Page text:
The Furry Raiders retaliated by trolling the business with bad reviews. The review bombing was spread from their Facebook group by trolls who are active in alt-right hate activity (including their member Vetus, who supported trolling FurAffinity with hate images). The story was twisted by people who had never been there; they lied that there was no hate symbolism and pretended a “Big Gay Costume Party” rejected them for being gay.

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How low can they go? Altfurry is grooming kids to retaliate against critics.

by Patch O'Furr

Last week was a very bad week to be a nazi furry. (Every week is bad for that, but this one was exceptional). Call them the Incel ISIS, or just a bunch of trolls, but the week kept bringing reminders that the furry fandom is past the limit of tolerance for their hate. There was a wave of critical attention:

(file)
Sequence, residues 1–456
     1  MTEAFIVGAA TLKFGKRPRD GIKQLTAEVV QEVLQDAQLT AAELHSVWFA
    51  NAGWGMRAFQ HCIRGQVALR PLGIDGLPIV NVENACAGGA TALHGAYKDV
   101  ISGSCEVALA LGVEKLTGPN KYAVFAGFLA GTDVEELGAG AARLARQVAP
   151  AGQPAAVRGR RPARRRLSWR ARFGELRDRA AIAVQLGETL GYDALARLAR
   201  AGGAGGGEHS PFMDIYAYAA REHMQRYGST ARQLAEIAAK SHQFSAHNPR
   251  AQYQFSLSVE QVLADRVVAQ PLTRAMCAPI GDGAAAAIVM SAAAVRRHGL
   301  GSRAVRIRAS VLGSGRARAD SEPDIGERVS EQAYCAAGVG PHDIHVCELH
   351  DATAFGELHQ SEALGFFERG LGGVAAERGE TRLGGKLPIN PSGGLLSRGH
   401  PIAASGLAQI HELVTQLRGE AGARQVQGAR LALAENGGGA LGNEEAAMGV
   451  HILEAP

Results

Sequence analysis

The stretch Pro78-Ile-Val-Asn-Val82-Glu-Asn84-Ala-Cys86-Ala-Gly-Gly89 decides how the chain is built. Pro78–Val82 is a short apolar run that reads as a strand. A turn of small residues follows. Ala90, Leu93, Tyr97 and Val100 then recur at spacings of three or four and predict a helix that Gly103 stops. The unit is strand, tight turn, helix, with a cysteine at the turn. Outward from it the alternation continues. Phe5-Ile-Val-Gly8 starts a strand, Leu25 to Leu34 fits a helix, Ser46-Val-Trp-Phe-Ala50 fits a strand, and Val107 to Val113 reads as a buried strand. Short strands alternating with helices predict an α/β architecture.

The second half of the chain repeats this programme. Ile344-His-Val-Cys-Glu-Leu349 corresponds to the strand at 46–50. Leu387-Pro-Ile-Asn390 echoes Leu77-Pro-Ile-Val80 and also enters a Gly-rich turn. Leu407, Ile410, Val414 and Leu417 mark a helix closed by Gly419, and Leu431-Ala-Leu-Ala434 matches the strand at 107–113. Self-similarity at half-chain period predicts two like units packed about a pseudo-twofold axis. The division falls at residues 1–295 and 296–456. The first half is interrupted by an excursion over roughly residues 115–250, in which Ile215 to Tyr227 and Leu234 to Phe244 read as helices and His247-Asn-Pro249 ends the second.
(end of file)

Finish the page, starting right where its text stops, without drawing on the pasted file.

• Newsweek published a deep look at the racist alt-right origins of alt-furry.
  • Dogpatch Press posted an expose by a mole inside the Furry Raiders, and their hate group activity led former members to repudiate it.
  • @Deotasdevil posted an essay about neo-nazis recruiting in nerd groups. It reached far outside of fandom, including 41,000 watchers of Sonicfox5000.
  • More evidence was found in a video from Casey Hoerth/”Len Gilbert”, an altfurry recruiter/bottom-feeder. He soon regretted his words in the video and tried to bury it with a whack-a-mole game of DMCA claims. His rare moment of candor was too revealing about their private narrative.

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What I learned from lurking the Furry Raiders chat – guest post by Aristide

by Patch O'Furr

What I learned from lurking the Furry Raiders chat

Hi, I’m Aristide, and I’m a narc. For the past several months, I’ve had a sockpuppet account in the Furry Raiders Telegram, Skype, and Discord groups and periodically leaked screenshots of them to @edgedestroys. I chose Edge in order to protect the credibility of my sockpuppet account, and because I work in a sensitive workplace and worry about being doxxed. Most speculation about the Raiders – that they’re Nazis, they’re Alt-Right, they’re losers – is generally correct. I want to provide a better picture of what we, as a community, are dealing with.